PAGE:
A debt settlement company and its owner on Tuesday pleaded guilty in Manhattan, N.Y. federal court to conspiracy charges of mail and wire fraud.

Michael Levitis and his company, Mission Settlement Agency, entered the pleas less than a year after prosecutors announced charges for a scheme they said victimized more than 1,200 people nationwide from 2009 to 2013. The case is the first criminal case referred to U.S. prosecutors by the Consumer Financial Protection Bureau, according to the office of Manhattan U.S. Attorney Preet Bharara.

Prosecutors accused Mission of promoting its ability to help customers reduce their credit card and other debt. Instead, the company charged excessive fees while failing to aid its clients.

Levitis and Mission Settlement both agreed to forfeit $2.2 million as part of the plea agreement. Levitis faces up to 10 years in prison, while the company could be fined an additional $4.39 million.

Four other former Mission employees previously pleaded guilty; charges against a fifth are pending.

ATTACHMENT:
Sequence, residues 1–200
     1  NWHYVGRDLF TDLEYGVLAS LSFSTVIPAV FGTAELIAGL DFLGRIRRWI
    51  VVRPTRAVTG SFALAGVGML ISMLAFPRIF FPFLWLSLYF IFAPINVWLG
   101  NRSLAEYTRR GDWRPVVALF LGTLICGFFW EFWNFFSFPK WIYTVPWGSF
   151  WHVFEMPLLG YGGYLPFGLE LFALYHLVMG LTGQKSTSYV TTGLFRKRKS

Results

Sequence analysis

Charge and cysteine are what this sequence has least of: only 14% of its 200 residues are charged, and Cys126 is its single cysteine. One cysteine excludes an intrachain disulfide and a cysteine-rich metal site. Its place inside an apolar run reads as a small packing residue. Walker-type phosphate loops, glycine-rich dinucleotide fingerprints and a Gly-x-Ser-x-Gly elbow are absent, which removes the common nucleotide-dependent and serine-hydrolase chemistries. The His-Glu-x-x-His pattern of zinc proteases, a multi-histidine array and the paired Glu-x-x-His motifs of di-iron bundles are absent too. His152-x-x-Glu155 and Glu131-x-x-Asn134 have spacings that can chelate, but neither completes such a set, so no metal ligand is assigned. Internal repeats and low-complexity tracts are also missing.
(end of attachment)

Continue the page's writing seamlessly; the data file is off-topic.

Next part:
Levitis, a suspended lawyer, was previously sentenced in August 2011 to three years of probation and fined $15,000 for lying to federal agents during an investigation into former New York State Senator Carl Kruger, who pleaded guilty to corruption charges in 2011.

Levitis and three Mission Settlement employees were arrested in May 2013 and charged with mail fraud, wire fraud and conspiracy in what prosecutors at the time called a four-year criminal scheme that bilked customers of money funneled to pay expenses at a nightclub, luxury car leases and credit card bills.

On Tuesday, Levitis, 37, told U.S. District Judge Paul Gardephe, that he wanted to take responsibility for his actions.

His mother, Eva Levitis, who was Mission Settlement's president, entered a guilty plea on behalf of the company. She was not criminally charged.

The case is U.S. v. Mission Settlement Agency, U.S. District Court, Southern District of New York, No. 13-cr-j00327.

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